Join the Artsy Fartsy Coloring AND Colouring group here.
Join the Artsy Fartsy Coloring AND Colouring group here.
When the Zanimal was in preschool and still called Little Z, we used to ride together in the morning. I would take her to preschool, and then go on to work. She went through this phase when she was three or four years old, when she would tell me when I looked pretty, and when I did not look pretty.
“You are pretty today,” she would say.
“Oh, thank you.”
“Why do you say, ‘thank you’?” she asked.
“It’s a nice thing to say.”
Then, another day, she would say,
“You are not pretty today.”
What?! I was so hurt.
“That’s not a nice thing to say. You shouldn’t say that.”
“Why not say that? It’s just a fact,” she said.
“It’s just a fact that I’m not pretty?!”
I was so hurt, I couldn’t respond.
But then, the next day, she might say that I was pretty again. And then the next day, not pretty. And so on. I could never convince her to stop saying it out loud when I was “not pretty.” I resigned myself to the fact that I had somehow produced a monster.
Then, after a long time, I started to see a pattern. I had an idea.
“Do you just say that I’m ‘pretty’ when I’m wearing a dress or a skirt, and I’m ‘not pretty’ when I’m not wearing a dress or a skirt?”
She looked at me like I was the biggest idiot in the universe.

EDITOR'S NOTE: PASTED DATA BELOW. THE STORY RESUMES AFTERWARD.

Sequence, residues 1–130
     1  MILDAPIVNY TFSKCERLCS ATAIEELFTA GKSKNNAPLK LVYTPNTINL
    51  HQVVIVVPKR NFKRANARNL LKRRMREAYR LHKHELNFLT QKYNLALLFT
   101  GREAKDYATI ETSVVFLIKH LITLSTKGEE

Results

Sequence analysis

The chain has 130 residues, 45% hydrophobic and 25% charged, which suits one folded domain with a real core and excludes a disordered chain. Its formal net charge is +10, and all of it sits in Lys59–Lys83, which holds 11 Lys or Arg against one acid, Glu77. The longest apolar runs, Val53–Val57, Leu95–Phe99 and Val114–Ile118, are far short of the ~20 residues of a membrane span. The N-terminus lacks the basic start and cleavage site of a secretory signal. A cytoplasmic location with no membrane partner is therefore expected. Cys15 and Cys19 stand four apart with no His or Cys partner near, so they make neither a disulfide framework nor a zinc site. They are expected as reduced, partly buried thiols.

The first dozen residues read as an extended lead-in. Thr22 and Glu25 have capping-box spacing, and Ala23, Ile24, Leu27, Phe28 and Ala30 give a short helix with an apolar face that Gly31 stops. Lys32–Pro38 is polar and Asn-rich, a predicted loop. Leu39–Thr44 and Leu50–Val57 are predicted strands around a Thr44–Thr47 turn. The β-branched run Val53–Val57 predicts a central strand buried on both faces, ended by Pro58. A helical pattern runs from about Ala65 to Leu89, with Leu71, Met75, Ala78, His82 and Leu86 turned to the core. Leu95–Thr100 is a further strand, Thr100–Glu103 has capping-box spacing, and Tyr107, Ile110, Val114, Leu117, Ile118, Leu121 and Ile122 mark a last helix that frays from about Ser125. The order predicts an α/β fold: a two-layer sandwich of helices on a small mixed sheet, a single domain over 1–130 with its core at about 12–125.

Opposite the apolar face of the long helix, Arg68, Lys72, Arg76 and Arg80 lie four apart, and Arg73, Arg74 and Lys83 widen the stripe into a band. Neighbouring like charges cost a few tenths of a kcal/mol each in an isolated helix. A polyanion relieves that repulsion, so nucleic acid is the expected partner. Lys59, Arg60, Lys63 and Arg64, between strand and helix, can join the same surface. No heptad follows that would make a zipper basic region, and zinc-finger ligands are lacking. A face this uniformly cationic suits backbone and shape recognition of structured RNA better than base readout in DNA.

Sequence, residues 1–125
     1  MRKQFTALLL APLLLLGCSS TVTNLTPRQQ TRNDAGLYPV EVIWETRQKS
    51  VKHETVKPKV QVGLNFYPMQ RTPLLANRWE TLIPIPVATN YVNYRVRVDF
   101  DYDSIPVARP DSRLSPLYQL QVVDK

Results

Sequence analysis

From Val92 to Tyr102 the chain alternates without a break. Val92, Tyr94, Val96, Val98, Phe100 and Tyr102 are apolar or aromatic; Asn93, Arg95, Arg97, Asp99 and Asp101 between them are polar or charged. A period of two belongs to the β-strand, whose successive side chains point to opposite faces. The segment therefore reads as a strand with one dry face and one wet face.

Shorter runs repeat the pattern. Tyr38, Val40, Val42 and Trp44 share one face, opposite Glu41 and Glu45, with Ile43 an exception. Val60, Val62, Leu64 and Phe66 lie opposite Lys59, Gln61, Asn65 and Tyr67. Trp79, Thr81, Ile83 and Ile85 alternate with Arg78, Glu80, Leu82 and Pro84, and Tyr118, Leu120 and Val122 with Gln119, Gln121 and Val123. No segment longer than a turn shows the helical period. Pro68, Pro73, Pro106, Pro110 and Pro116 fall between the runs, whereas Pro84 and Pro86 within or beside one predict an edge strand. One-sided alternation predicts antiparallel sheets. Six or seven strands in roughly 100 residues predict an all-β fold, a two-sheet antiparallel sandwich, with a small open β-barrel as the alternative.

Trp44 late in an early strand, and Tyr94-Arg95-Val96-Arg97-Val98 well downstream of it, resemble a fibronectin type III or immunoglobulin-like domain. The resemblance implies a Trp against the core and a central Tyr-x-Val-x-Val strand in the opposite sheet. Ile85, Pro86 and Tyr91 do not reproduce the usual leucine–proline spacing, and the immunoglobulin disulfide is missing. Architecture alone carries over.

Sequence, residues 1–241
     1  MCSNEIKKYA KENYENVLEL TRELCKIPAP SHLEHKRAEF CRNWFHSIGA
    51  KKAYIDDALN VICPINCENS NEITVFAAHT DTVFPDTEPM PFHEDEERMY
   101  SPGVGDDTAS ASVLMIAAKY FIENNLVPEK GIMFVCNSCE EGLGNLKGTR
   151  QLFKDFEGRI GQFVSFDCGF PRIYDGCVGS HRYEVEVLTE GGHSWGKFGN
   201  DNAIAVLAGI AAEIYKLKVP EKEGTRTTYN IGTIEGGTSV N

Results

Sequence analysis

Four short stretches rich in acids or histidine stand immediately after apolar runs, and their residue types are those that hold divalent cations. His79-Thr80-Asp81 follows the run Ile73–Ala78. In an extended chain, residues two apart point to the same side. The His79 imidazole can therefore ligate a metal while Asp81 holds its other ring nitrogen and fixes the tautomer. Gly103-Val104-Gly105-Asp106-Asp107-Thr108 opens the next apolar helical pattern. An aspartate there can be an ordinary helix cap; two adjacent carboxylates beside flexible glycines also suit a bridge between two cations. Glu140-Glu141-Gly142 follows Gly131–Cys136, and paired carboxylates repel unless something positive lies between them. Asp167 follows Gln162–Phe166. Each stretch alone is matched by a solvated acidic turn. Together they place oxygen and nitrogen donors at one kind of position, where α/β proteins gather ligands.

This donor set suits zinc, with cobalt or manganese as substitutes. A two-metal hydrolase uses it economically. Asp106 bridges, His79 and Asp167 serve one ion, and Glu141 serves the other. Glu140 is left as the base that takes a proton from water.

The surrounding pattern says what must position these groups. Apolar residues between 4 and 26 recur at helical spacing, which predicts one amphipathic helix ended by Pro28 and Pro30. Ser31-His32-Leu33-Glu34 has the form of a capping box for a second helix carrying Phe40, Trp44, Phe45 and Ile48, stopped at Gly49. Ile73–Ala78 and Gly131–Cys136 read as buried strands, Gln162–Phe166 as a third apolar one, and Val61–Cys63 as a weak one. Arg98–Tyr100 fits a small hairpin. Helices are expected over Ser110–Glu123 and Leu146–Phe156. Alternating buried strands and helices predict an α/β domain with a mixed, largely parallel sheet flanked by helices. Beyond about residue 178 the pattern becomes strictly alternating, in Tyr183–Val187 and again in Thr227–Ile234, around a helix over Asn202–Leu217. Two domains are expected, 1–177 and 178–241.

“Yes,” she said. “Pretty ladies wear dresses.”
Oh. My. God.
I think about this experience from time to time. I wonder how many other things I’ve taken personally that weren’t really meant that way at all?
Donkey Day is a holiday my Grandma Ruth made up, because she’s awesome that way. Donkey Day is that special time of year when you take all of your donkey figurines out of the closet, and arrange them decoratively around your home! Display them proudly for all of the donkey days. (I don’t remember when donkey days begin or end, so you’ll have to improvise on this. I’m not even sure if it’s one day or a week, ask Grandma.) Then, when donkey days are over, put all of your beautiful donkey figurines back into the drawer, and save them for next year. That’s Donkey Day!
The Cat and Crow ordered another weird wooly creature sculpture from me. That was a while ago. It was summertime, and impossible to find time to do a large creative project without someone asking, “What are you doing? Why are you doing that? Who is it for? That doesn’t look like a unicorn!” Etc. So now that school has finally gone back into session, I had time to do a new wooly creature for the Cat and Crow.
Her name is Zurgioch. I don’t know why. That’s just what she told me. Continue reading Zurgioch the Last Unicorn
My coloring book fans are goofy! I guess that isn’t surprising. In the Artsy Fartsy Coloring with Shoshanah Marohn group on Facebook, I’m running a contest where the prize is that you get to tell me what to draw! Tina won (there can be more than one winner) and she wanted me to draw a T-Rex in high heels, running from a lady with a flare. (She thought it was stupid how the lady in Jurassic World ran, like, forty miles in high heels, so she wanted me to balance the scales a little.)